Given the rapid growth of CyrusOne, achieving an investment grade rated balance sheet would reduce overall cost of capital and help to widen EBITDA margins.
It was a bit surprising how CyrusOne's 34% earnings growth during Q2 2016 could be a disappointment to investors. Clearly, even better news was baked into the DCF models, and CONE shares were priced for perfection.
While analysts were disappointed, I am not concerned that management did not raise the high end of guidance for 2H2016 normalized FFO per share.
In fact, I am pleased that CyrusOne is investing in its platform (including higher SG&A year over year), in order to continue to operate successfully in a dynamic leasing environment.
Notably, CyrusOne has a clear runway for growth in its key markets, given its inventory of powered shell space and available land. This is in contrast to some of its REIT peers, who are running out of available land in key markets.
The hyperscale cloud providers are entering into long-term commitments for the large data halls and entire buildings which are being leased. This helps to de-risk the tenant concentration.
The new wholesale leases being signed are just a few months shy of 10 years. This helps to balance out and extend the overall portfolio lease terms to a 4.5 year average. (Notably, smaller colocation leases are typically signed for two to three year terms).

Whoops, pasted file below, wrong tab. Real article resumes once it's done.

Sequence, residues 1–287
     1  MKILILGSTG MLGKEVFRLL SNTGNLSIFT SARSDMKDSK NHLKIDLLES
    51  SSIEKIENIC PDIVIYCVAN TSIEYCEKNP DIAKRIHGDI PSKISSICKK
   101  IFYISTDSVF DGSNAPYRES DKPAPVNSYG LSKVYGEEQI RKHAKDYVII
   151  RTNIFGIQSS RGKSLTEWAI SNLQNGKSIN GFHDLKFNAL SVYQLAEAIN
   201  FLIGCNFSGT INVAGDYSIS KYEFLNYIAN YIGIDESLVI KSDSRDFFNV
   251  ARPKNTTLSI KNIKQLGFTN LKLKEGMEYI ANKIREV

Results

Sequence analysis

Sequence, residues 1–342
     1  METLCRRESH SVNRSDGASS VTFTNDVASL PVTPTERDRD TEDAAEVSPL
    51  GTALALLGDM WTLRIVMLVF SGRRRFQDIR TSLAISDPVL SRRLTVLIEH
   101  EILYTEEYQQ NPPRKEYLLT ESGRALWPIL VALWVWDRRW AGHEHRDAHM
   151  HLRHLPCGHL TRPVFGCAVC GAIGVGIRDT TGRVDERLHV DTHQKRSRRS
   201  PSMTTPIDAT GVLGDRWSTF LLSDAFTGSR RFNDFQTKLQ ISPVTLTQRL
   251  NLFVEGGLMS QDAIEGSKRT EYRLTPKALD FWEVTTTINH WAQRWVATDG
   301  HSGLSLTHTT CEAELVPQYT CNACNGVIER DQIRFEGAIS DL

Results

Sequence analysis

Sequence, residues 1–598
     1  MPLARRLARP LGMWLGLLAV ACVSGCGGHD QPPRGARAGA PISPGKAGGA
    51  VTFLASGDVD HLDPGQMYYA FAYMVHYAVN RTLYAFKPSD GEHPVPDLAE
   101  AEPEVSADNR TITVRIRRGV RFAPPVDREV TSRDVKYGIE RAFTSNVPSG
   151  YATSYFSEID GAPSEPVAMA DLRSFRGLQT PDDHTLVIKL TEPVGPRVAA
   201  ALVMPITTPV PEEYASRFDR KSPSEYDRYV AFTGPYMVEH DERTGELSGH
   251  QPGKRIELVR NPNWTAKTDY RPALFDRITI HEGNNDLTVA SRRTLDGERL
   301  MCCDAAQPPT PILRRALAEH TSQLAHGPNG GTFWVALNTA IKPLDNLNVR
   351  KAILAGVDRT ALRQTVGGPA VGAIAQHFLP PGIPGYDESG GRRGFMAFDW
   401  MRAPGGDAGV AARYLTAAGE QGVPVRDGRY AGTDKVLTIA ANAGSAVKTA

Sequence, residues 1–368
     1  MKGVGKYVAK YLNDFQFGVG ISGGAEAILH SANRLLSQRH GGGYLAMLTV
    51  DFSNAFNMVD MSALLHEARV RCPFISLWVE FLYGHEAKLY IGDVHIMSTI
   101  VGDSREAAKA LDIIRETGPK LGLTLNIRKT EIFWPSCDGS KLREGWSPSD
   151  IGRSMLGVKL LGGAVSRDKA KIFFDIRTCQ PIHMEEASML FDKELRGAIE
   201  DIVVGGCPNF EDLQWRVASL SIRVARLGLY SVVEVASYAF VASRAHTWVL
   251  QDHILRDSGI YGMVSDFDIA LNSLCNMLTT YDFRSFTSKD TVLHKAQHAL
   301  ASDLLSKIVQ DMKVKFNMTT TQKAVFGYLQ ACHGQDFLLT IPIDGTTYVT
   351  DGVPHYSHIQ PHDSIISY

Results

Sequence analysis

I feel that CyrusOne can be bought at $51 per share, given the double-digit growth for both FFO per share and the quarterly dividend.
CONE shares trade at a 20x multiple based upon 2016e FFO per share of $2.54 per share, and yield ~3%. However, the visibility for FFO growth in 2017 should easily support the consensus target price of $58.87 per share, which represents a total return of over 18% from current levels.
I relentlessly hunt for diamonds in the rough and rising stars, in addition to closely following data centers, covering REIT blue chips and breaking news. Please consider following me as a Seeking Alpha author if you would like to be notified when my future articles are published.
Disclosure: I/we have no positions in any stocks mentioned, but may initiate a long position in CONE over the next 72 hours.
I wrote this article myself, and it expresses my own opinions. I am not receiving compensation for it (other than from Seeking Alpha). I have no business relationship with any company whose stock is mentioned in this article.